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Collecting Cooper: A Thriller (Christchurch Noir Crime Series) Paperback – July 26, 2011


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Collecting Cooper: A Thriller (Christchurch Noir Crime Series) + The Laughterhouse: A Thriller (Christchurch Noir Crime Series) + The Killing Hour: A Thriller
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Product Details

  • Series: Christchurch Noir Crime Series
  • Paperback: 400 pages
  • Publisher: Atria Books (July 26, 2011)
  • Language: English
  • ISBN-10: 1439189625
  • ISBN-13: 978-1439189627
  • Product Dimensions: 5.3 x 1 x 8.2 inches
  • Shipping Weight: 1.3 pounds (View shipping rates and policies)
  • Average Customer Review: 4.7 out of 5 stars  See all reviews (19 customer reviews)
  • Amazon Best Sellers Rank: #678,482 in Books (See Top 100 in Books)

Editorial Reviews

Review

“A pulse-pounding serial killer thriller.... The city of Christchurch becomes a modern equivalent of James Ellroy's Los Angeles of the 1950s, a discordant symphony of violence and human weakness. Cleave tosses in a number of twists that few readers will anticipate, but the book's real power lies in the complexity of its characters, particularly the emotionally tortured Tate.” —Publishers Weekly (starred)

“Paul Cleave writes the kind of dark, intense thrillers that I never want to end. Do yourself a favor and check him out.” —Simon Kernick, internationally bestselling author of Payback

“Collecting Cooper roars on at breakneck speed, pitting not two, but three deadly adversaries against an inexorably ticking clock.” —Bookpage

“Horrormeister Cleave… will scare you to death, or at least to the point of keeping a night light on.” —Kirkus Reviews

About the Author

Paul Cleave is the author of eight award-winning, internationally bestselling crime thrillers, including Joe Victim, finalist for the Edgar, Barry, and Ngaio Marsh awards, and, most recently, Five Minutes Alone. He lives in Christchurch, New Zealand. Visit his website at PaulCleave.com.

More About the Author

Paul Cleave is currently dividing his time between his home city of Christchurch, New Zealand, where all of his novels are set, and Europe, where none of his novels are set. His eight novels have so far been translated into over a dozen languages and nearly 20 territories. He has won the Saint-Maur book festival's crime novel of the year in France, has been shortlisted for the Ned Kelly award, the Edgar Award, the Barry Award, and has won the Ngaio Marsh award for NZ crime fiction.

The New Zealand Listener said that Cleave writes with 'an energy that conventional crime novels lack', and he has been called 'the next Stephen King', 'a rising star of the genre' and 'a writer to watch'. Publishers Weekly have said 'a pulse-pounding serial killer thriller. The city of Christchurch becomes a modern equivalent of James Ellroy's Los Angeles of the 1950s, a discordant symphony of violence and human weakness... the book's real power lies in the complexity of its characters,', and

Cleave numbers among his fans top crime and thriller writers such as Mark Billingham, who wrote: 'Most people come back from New Zealand talking about the breathtaking scenery and the amazing experiences. I came back raving about Paul Cleave.' John Connolly called Blood Men 'dark, bloody, and gripping . . . classic noir fiction', and said that in Paul Cleave 'Jim Thompson has another worthy heir to his throne'. The Lab's John Heath calls Cleave's writing 'uncompromising, unpredictable, and enthralling', adding, 'Made me vomit -- seriously, it's that good.' Simon Kernick said 'Cleave writes the kind of dark, intense thrillers that I never like to finish. Do yourself a favour and check him out,' and S.J Watson said 'An intense adrenalin rush from start to finish. It'll have you up all night. Fantastic!'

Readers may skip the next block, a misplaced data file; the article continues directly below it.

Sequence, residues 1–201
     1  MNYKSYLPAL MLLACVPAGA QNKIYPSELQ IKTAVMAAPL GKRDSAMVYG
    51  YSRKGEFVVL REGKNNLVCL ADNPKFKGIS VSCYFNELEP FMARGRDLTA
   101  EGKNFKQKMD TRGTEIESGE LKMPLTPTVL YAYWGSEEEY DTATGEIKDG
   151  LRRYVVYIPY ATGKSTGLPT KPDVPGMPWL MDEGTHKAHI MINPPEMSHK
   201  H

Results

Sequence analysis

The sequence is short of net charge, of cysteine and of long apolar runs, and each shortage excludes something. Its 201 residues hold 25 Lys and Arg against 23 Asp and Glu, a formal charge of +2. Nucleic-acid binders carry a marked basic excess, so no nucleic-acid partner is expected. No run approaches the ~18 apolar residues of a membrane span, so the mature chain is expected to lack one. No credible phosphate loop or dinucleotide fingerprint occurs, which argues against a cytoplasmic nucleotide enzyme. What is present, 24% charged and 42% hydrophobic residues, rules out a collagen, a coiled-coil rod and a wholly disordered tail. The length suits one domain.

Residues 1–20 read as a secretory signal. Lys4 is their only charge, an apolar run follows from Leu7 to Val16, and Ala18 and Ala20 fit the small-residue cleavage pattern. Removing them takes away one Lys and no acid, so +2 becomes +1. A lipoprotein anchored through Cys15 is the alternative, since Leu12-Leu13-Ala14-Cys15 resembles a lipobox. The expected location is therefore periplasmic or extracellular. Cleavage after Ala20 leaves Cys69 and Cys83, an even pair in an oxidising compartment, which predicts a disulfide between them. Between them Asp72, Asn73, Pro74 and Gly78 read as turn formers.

His novels are - The Cleaner, The Killing Hour, Cemetery Lake, Blood Men, Collecting Cooper, The Laughterhouse, and later in 2013 Joe Victim (a sequel to The Cleaner) will be released.

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Customer Reviews

4.7 out of 5 stars
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That being said, each novel is terrific and highly recommended.
HE Grant
Mr. Cleave is a fantastic writer and once you begin to read his work, you will be just as hooked as I am.
Pammela Olson
I found this book to be well written with interesting characters and a fast pace story.
jackbaile

Most Helpful Customer Reviews

4 of 4 people found the following review helpful By J. M. Cornwell on September 20, 2011
Format: Paperback
Detective Inspector Schroder meets Theodore Tate at the Christchurch prison the day Tate gets out of jail after a six-month incarceration. He has a favor to ask and needs Tate's expertise in getting inside serial killers' minds.

Melissa X has been terrorizing Christchurch for three years, teaming up with and killing another serial killer. She targets men in uniform, first crushing one of their testicles and then killing them. The money for information leading to her arrest would help Tate out and that would help Schroder--off the books. Schroder cannot help the ex-felon get his job back as a PI, but he will use Tate's help as often as possible.

The same day Donovan Green shows up on Tate's doorstep. Green was Tate's lawyer and he had his own issues with Tate, for instance a drunken Tate crashing into his daughter's car and nearly killing her. Green feels Tate owes him and he wants the best to help find his daughter. She has been missing for 48 hours and that means time is running out.

When Cooper Riley is kidnapped, Tate wants in on the case. What neither he nor the police know is that all three incidents are connected and Tate is in the middle.